According to a study, the neural roots of hallucinations lie in the way the brain processes contradictory signals from the environment, and hearing voices can be a common occurrence.
– 8:22 pm
(Updated on 11/8/2023 at 00:28)
Is hearing voices normal? This was the question that guided a study published in Psychiatry Last Thursday (2). Researchers are based on the idea that the neural roots of hallucinations lie in the way the brain processes contradictory signals from the environment, and they claim that this condition is more common than one might imagine.
In the study, participants were asked to press a button that, after a split second, caused a penis to gently press against their back. The results indicate that volunteers were more likely to report hearing a sound when there was a delay between pressing the button and touching the penis.
Researchers argue, at the time, that we all hallucinate at certain times, such as when we are tired, for example.
In the study, participants also listened to recordings Pink noise, a softer version of white noise. Some recordings contain recorded parts of a person’s voice, while other recordings contain other people’s voices or no sound at all. In each test, volunteers were asked whether or not they heard someone speaking.
This rod technique has already been used in previous studies, to understand these sensations caused by the presence of someone behind you. In this new condition, when people already had that feeling of a ghostly presence, they were more likely to report hearing voices (even if there wasn’t anything there).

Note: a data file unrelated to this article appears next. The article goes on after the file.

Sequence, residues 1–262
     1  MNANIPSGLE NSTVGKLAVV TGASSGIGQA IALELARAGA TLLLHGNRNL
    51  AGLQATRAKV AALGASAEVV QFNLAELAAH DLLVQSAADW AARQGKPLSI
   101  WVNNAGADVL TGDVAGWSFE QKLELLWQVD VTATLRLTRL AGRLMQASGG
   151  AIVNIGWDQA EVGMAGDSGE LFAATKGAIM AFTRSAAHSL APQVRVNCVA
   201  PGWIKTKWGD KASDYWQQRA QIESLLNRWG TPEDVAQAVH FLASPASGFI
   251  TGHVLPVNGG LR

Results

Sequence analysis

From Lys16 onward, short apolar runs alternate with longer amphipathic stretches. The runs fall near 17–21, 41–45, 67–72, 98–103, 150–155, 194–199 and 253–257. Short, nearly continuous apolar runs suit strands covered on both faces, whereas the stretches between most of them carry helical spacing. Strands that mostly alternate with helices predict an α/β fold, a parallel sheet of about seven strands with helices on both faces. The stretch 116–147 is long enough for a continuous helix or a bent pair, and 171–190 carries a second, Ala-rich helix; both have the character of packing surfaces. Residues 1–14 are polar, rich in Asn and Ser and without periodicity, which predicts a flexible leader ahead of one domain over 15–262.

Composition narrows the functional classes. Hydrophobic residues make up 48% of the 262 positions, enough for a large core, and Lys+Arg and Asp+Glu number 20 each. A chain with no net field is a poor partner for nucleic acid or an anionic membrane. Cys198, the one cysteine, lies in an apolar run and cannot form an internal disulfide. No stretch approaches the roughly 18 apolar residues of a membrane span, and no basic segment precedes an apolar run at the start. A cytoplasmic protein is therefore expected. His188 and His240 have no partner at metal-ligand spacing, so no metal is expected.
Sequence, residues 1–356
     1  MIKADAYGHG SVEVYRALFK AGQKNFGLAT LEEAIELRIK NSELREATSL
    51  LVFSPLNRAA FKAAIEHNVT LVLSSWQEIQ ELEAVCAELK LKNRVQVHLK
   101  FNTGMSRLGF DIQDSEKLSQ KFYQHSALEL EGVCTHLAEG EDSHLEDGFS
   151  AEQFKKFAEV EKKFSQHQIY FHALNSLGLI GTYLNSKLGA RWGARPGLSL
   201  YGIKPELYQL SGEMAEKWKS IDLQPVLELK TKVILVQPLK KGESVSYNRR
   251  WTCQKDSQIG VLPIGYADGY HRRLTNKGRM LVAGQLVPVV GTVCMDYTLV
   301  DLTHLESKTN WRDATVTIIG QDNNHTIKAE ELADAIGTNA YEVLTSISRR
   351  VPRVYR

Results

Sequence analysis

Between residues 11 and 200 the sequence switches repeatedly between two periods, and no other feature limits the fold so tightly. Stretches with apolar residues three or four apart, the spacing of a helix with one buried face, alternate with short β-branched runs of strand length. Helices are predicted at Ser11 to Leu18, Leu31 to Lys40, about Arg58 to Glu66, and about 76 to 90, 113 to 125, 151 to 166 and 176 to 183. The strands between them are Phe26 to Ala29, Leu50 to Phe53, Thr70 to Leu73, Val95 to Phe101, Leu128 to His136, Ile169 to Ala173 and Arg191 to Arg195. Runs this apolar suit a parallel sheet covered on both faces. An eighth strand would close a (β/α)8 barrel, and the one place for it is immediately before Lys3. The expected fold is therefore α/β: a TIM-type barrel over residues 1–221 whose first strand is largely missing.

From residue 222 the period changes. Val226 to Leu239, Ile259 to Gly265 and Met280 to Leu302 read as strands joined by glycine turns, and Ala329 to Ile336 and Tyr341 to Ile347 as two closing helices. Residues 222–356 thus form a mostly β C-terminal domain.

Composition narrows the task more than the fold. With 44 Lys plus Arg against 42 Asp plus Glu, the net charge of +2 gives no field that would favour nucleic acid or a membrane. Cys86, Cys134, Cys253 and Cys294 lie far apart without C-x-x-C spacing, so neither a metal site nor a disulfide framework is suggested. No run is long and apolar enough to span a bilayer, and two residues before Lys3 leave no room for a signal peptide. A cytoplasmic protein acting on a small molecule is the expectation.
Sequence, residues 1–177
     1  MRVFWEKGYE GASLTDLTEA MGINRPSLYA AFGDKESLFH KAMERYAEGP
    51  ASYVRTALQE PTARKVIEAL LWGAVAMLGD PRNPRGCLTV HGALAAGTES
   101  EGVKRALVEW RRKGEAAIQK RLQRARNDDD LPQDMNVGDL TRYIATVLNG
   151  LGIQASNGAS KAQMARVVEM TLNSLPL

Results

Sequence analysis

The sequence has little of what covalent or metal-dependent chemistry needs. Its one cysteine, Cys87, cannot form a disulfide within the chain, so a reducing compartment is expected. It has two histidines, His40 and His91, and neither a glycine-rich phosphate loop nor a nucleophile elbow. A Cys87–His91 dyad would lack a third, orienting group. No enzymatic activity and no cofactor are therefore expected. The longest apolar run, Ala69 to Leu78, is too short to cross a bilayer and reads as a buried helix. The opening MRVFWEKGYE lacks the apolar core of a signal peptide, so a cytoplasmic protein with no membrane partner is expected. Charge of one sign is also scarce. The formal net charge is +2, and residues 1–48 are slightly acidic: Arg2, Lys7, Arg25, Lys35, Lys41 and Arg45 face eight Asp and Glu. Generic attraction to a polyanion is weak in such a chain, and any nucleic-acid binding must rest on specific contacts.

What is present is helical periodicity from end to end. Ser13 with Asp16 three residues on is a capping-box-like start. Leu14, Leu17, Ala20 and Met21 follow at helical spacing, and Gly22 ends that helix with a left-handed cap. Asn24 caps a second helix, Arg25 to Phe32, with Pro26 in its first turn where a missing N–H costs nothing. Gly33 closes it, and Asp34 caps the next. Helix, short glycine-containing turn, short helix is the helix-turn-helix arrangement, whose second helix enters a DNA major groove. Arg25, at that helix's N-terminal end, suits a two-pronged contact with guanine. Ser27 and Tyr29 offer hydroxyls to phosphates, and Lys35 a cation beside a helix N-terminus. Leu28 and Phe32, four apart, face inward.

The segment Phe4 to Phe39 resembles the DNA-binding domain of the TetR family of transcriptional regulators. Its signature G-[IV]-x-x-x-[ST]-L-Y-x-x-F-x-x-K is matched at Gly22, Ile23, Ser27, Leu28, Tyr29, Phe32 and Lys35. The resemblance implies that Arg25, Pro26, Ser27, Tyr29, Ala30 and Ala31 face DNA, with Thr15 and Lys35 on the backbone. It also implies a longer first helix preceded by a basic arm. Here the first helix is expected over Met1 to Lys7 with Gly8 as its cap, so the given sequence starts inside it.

Why do we hear sounds?
Researchers indicate that these hallucinations may arise from difficulty recognizing a person’s actions, as well as a willingness to expect a specific outcome.
“Inducing hallucinations under controlled experimental conditions in non-hallucinating individuals represents a new avenue of research aimed at understanding complex hallucinatory phenomena and avoiding the confusion observed in patients,” the study says.
“Verbal auditory hallucinations are one of the most common and distressing psychotic symptoms, the causes of which remain largely unknown. We showed that this procedure resulted in phenomena similar to auditory-verbal hallucinations in healthy subjects, which was measured as an increase in the rate of auditory-verbal hallucinations in healthy subjects, which was measured as an increase in the rate of “False alarms in a sound detection task.”
In other words, hearing voices can happen to everyone. Previously, I tried to study and understand the properties People who “hear” the voices of the dead.
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